Village mob thwarts Google Street View car April 2, 2009Posted by Bahadir Sahin in English, Haber (News).
Tags: Google Street View, Google's camera-equipped cars, invasion of privacy
Angry villagers formed a human chain to thwart the progress of a Google Street View car that was in the process of taking photographs of their homes.
Police were called to Broughton in Buckinghamshire yesterday, after furious villagers blocked one of the cars, complaining it was an invasion of their privacy and that the photographs would attract burglaries.
Paul Jacobs, a local resident, spotted the car yesterday morning, thanks to the distinctive 360-degree camera attached to its roof. He told the driver not to enter the village, then roused fellow residents by knocking on their doors. The driver eventually did a U-turn and left the scene.
Google Street View, a controversial mapping service that launched in the UK last month, gives 360-degree views of Britain’s biggest cities, allowing people to take virtual tours from their computers or mobile phones.
Google’s camera-equipped cars are now back on the road, aiming to update the service to cover as much of Britain as possible. The cars have been spotted recently in towns such as Winchester, Chelmsford and Ipswich.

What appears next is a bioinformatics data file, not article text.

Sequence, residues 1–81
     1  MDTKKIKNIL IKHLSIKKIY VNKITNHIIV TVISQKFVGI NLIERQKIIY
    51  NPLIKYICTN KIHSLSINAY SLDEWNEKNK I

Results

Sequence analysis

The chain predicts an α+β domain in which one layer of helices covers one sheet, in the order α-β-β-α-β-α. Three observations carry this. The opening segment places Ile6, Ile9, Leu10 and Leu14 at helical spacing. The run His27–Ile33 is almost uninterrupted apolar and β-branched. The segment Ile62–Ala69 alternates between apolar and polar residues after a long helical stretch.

In the past six weeks there have been three break-ins in Broughton, near Milton Keynes, and residents fears that the digital photographs of their roads would be used as a tool in further burglaries.
Google says the car was on a public road and therefore not breaking the law. The company said it would remove any images that members of the public object to.
Mr Jacobs said, “I was upstairs when I spotted the camera car driving down the lane.
“My immediate reaction was anger; how dare anyone take a photograph of my home without my consent? I ran outside to flag the car down and told the driver he was not only invading our privacy but also facilitating crime This is an affluent area. We’ve already had three burglaries locally in the past six weeks. If our houses are plastered all over Google it’s an invitation for more criminals to strike. I was determined to make a stand, so I called the police.”
A spokeswoman for Thames Valley Police confirmed, “A squad car was sent to Broughton at 10.20am on Wednesday to reports of a dispute between a crowd of people and a Google Street View contractor. A member of the public had called us to report that he, along with a number of others, were standing in the middle of the road preventing the car from moving forwards and taking photographs. They felt his presence was an intrusion of their privacy. When police arrived at the scene, the car had moved on.”
A spokesman for Google said, “Embarking on new projects, we sometimes encounter unexpected challenges, and Street View has been no exception. We know that some people are uncomfortable with images of their houses or cars being included in the product, which is why we provide an easy way to request removal of imagery. Most imagery requests are processed within hours.”